risk of dying than methadone subjects in the post-
deaths. This includes where the drug in question is
induction treatment period (low-risk period). This risk
mentioned as a cause of death in the coronial or autopsy
approaches significance (p ¼ 0.055, 95% CI: 1.3 – 5.7).
document, an opioid overdose within 2 weeks ofcessation of treatment or an opioid overdose where the
person is known to be in current treatment with the drugin question. A more detailed description can be found in
Deaths related to methadone, buprenorphine and
. According to national records, an estimated 102
naltrexone have occurred in Australia, and clear
615 episodes of methadone and 49 948 episodes of
differences in risk were observed. Whether estimated
buprenorphine treatment occurred in Australia during
as deaths per 1000 treatment episodes or per 100
that time. A total of 6337 private naltrexone prescrip-
person-years of high risk, the mortality rates for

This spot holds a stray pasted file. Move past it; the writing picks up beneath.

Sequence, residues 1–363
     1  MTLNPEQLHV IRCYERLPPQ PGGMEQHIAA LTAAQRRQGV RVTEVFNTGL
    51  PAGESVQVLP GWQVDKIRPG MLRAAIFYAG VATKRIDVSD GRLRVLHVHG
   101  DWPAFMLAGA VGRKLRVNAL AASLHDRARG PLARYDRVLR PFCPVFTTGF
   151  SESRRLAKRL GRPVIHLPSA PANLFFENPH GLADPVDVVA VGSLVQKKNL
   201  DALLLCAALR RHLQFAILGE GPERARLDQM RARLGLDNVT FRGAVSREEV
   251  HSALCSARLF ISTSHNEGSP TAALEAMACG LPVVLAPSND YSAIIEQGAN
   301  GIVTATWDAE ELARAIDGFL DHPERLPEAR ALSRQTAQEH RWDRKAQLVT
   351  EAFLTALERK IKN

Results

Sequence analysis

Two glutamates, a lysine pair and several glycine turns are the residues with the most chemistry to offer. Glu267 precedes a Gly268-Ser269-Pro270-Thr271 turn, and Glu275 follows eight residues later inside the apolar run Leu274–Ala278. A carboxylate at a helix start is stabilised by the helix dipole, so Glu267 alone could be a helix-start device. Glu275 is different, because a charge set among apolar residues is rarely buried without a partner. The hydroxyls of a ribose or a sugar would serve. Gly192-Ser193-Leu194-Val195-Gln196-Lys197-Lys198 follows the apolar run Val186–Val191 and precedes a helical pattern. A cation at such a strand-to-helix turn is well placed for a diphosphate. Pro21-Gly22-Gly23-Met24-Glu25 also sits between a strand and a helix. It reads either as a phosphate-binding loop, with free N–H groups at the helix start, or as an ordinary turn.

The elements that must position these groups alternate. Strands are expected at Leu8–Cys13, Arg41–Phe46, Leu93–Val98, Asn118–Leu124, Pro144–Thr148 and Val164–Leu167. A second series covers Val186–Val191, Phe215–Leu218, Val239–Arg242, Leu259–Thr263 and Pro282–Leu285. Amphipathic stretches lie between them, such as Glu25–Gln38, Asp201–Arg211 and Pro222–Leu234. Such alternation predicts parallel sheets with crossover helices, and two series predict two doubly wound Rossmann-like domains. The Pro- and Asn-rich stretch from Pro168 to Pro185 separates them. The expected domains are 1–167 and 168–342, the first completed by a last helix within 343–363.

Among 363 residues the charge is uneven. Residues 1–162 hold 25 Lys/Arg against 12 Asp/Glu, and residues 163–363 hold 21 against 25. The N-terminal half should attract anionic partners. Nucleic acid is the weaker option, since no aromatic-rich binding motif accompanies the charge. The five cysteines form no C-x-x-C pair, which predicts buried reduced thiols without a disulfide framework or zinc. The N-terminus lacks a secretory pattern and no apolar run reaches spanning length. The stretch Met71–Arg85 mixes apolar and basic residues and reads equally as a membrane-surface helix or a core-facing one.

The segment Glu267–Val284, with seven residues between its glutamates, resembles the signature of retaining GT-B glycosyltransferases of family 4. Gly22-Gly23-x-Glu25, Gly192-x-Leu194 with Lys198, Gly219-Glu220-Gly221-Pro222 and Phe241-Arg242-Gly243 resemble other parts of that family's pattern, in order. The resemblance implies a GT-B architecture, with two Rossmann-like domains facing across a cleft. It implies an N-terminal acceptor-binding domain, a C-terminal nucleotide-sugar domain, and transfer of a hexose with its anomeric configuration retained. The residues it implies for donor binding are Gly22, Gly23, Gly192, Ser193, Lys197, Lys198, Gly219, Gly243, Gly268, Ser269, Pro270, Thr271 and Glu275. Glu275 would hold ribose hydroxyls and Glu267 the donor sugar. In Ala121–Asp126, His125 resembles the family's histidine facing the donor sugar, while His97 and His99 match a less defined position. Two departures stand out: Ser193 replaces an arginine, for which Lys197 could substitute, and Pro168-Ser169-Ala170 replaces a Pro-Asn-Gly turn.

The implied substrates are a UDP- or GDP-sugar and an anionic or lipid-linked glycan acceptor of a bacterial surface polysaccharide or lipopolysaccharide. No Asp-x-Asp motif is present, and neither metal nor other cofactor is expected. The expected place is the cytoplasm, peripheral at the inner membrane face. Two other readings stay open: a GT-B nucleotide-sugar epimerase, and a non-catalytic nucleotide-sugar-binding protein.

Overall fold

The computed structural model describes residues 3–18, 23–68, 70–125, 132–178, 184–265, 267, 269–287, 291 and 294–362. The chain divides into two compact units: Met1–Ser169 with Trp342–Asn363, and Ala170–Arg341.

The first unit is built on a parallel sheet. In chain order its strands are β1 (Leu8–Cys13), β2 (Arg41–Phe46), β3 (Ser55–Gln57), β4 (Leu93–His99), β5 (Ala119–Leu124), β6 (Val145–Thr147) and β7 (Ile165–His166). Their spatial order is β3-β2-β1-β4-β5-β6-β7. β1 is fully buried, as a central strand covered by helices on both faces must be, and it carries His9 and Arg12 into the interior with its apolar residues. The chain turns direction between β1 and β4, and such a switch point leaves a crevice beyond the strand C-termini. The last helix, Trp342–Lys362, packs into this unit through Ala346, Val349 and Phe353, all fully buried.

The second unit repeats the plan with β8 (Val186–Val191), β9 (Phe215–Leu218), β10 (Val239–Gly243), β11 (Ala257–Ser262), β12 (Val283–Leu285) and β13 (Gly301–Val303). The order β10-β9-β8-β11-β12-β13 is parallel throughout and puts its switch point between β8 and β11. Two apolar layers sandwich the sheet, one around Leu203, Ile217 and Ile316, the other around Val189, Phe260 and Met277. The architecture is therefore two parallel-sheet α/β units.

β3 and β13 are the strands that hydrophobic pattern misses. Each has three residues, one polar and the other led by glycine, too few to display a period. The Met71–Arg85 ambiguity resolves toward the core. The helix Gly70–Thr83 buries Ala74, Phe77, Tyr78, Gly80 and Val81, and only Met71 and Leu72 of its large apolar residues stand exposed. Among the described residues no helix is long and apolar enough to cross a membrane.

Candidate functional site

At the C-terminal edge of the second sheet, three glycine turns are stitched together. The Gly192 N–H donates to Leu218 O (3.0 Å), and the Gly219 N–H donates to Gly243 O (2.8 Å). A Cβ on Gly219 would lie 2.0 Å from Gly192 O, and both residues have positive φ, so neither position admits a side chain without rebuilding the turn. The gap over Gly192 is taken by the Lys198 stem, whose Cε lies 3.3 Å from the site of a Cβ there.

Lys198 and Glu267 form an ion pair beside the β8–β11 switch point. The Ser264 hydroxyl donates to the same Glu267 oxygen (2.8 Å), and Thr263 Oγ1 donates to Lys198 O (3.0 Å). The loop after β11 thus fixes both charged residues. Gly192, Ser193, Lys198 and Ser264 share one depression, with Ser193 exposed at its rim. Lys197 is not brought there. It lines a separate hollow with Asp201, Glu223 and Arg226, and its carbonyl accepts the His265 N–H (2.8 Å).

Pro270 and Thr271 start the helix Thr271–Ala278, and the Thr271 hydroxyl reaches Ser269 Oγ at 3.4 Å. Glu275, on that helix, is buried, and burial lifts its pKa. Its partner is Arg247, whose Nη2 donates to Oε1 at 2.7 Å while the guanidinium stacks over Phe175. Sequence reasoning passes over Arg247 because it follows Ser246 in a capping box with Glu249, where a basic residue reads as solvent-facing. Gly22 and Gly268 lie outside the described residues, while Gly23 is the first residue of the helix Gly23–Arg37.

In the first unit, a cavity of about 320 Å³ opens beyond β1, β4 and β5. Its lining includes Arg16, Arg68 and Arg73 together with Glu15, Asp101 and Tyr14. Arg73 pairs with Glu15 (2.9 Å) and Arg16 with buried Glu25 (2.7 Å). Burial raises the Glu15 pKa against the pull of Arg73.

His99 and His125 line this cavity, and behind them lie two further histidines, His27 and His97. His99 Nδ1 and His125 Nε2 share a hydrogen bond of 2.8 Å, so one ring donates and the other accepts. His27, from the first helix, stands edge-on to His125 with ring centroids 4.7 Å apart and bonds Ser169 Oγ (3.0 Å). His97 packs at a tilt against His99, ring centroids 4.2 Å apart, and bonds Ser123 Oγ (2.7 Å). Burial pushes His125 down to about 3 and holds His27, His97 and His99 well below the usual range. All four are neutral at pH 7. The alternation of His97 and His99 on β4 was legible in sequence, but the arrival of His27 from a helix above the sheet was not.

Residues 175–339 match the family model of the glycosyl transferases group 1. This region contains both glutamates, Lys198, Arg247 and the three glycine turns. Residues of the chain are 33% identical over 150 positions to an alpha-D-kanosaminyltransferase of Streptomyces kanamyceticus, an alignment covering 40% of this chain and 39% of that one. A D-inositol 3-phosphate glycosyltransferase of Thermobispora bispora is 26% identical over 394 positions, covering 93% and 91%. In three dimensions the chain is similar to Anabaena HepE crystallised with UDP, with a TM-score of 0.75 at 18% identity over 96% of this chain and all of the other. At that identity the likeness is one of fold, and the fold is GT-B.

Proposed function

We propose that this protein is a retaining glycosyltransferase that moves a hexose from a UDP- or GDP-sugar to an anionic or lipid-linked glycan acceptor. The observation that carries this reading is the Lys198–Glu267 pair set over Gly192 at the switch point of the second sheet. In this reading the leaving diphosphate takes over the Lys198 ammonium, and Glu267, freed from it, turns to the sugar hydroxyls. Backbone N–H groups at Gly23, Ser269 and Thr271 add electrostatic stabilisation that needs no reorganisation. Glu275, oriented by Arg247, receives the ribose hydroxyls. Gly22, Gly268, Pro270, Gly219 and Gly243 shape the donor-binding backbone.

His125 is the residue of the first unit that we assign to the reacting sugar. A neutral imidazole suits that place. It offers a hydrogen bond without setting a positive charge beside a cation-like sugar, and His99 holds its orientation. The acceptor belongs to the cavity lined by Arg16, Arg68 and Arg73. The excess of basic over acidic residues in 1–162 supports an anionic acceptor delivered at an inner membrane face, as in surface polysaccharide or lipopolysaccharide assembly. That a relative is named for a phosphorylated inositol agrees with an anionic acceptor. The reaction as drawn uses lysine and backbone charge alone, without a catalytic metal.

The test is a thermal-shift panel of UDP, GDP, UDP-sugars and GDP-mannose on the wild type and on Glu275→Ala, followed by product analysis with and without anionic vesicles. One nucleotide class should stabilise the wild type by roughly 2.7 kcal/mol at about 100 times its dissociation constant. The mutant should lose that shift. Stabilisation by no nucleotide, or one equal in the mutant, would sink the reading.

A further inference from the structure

tions were filled during 2000 – 03, each providing
naltrexone treatment were significantly higher than
medication for 1 month. Assuming mean treatment
those for methadone treatment (p 5 0.0001). Our
retention of 2 months, the number of oral naltrexone
methadone mortality rate of 3.0 deaths per 100
treatment episodes during this time was 3169.
patient-years is comparable to the 7.4 deaths per 100
The crude estimated mortality rate was 2.7 deaths
patient-years obtained by other researchers  in the
per 1000 episodes for methadone, 0.02 per 1000
initial high-risk period of treatment. Our buprenor-
treatment episodes for buprenorphine and 10.1 per
phine mortality rate of 0.02 per 1000 episodes can be
1000 treatment episodes for naltrexone. Naltrexone
compared to the French estimate of 0.24 per 1000
subjects had 3.7 times the mortality risk compared to
patients  and 2.5 per 1000 patients in the NEPOD
methadone subjects, a highly significant difference
studies . As only a single death in buprenorphine